Most manufacturers have gone to a more expensive bolt-on assembly that takes less time to replace. On '90s Chrysler products I was taking about an hour including driving the car in the shop, getting it up on a hoist, test-driving it, and writing up the paperwork. Your car still uses a pressed-in bearing. Those cost less but take a lot more time and a special tool to replace. Two hours would be about right. Most shops use a "flat rate guide" that will spell out exactly what the job should take on your model, and that's what they charge for. If the mechanic gets done faster due to more experience, more training, or better tools, you get charged the same. If he runs into rusty bolts or other problems and takes longer, you get charged the same.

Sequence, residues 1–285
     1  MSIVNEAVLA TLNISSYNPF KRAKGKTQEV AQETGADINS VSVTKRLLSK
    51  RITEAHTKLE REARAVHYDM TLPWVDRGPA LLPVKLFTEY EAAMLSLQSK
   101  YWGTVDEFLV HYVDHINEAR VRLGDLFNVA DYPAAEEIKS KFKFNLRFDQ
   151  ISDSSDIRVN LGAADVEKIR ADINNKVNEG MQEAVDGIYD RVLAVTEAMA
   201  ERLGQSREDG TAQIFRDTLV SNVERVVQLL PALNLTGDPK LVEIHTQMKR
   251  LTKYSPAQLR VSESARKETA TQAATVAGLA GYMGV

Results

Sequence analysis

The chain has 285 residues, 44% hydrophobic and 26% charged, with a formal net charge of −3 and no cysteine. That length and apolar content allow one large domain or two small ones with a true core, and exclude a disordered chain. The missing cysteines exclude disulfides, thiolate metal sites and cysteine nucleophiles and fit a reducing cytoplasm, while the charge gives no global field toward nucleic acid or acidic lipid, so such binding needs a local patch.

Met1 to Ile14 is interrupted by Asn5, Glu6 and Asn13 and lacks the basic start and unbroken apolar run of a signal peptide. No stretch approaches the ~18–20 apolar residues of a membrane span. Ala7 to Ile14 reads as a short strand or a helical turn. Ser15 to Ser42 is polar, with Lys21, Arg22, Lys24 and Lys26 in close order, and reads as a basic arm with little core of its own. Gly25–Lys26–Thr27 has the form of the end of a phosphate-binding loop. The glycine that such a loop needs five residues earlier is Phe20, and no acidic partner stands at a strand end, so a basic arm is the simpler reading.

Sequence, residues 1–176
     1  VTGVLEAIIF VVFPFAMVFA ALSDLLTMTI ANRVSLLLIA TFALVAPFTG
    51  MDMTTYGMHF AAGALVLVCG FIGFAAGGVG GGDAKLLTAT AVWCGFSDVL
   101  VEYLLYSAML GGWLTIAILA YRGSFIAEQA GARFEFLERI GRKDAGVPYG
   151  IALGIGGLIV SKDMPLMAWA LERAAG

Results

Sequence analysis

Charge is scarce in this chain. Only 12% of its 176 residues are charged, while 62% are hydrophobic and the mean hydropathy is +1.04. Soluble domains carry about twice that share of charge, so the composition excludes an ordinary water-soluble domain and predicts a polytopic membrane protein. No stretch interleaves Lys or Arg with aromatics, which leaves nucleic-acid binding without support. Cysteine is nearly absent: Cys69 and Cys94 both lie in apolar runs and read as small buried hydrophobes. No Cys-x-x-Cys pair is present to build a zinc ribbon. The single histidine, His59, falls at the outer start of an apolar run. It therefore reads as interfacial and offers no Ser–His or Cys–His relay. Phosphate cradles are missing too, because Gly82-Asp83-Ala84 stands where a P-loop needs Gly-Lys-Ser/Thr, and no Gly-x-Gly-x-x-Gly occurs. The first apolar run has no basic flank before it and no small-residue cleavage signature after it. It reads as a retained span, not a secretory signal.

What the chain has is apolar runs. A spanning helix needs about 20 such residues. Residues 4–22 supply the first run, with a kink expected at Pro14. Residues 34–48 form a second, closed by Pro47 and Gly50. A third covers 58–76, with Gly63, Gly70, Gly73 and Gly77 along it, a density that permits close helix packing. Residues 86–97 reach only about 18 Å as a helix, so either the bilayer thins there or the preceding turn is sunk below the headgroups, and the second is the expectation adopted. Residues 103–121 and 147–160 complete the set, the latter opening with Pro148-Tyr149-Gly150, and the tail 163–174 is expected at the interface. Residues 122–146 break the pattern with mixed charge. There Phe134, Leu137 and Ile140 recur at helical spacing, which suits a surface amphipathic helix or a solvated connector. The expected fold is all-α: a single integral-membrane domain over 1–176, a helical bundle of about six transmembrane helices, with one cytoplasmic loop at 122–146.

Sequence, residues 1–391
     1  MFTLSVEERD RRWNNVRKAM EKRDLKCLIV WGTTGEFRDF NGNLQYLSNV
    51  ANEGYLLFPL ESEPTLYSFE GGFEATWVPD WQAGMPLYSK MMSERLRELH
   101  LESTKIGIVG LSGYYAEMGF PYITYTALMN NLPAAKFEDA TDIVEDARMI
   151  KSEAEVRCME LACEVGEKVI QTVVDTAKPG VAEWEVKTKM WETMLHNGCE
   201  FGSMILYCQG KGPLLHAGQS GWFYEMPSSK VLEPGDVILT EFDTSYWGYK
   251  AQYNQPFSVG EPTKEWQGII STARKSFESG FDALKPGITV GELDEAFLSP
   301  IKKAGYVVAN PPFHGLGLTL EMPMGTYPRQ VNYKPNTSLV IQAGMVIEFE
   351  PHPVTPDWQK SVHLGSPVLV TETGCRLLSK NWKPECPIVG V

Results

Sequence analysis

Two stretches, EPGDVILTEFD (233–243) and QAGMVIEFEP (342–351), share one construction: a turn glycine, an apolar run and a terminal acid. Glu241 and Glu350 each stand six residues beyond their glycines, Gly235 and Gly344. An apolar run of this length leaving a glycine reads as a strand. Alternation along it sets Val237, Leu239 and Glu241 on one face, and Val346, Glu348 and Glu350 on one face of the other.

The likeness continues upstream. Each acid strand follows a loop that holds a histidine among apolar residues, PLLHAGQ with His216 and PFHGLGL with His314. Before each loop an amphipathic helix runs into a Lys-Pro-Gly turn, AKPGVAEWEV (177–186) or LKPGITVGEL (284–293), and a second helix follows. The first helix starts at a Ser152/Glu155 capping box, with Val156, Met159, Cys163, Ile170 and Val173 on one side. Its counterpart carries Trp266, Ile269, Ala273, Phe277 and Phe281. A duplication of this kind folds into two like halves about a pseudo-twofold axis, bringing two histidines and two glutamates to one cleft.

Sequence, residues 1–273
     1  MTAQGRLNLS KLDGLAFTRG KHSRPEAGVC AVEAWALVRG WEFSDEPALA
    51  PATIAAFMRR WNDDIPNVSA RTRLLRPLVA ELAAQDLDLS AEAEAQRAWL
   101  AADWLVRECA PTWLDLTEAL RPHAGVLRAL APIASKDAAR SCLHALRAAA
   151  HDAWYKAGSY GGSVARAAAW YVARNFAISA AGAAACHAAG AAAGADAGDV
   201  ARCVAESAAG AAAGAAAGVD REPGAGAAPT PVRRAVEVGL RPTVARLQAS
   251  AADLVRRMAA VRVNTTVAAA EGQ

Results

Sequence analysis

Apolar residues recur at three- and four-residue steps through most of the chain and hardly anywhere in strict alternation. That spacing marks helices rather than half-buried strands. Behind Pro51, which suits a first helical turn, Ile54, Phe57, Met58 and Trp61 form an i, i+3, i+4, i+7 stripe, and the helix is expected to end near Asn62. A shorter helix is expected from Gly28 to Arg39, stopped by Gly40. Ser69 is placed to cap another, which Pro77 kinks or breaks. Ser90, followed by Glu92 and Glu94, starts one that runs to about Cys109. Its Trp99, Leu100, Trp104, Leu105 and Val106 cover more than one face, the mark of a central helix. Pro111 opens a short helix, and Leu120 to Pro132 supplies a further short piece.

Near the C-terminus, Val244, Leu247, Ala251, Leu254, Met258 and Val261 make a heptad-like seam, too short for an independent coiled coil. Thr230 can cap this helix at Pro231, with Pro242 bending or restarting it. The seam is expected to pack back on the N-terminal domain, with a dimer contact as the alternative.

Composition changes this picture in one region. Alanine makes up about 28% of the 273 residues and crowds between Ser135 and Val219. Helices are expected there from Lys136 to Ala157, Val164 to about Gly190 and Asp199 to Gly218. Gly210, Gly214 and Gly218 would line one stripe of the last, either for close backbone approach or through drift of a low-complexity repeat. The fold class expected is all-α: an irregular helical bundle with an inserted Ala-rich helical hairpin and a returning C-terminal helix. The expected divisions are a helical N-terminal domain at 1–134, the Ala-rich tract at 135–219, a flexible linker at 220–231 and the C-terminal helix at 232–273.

Friday, November 16th, 2012 AT 4:50 AM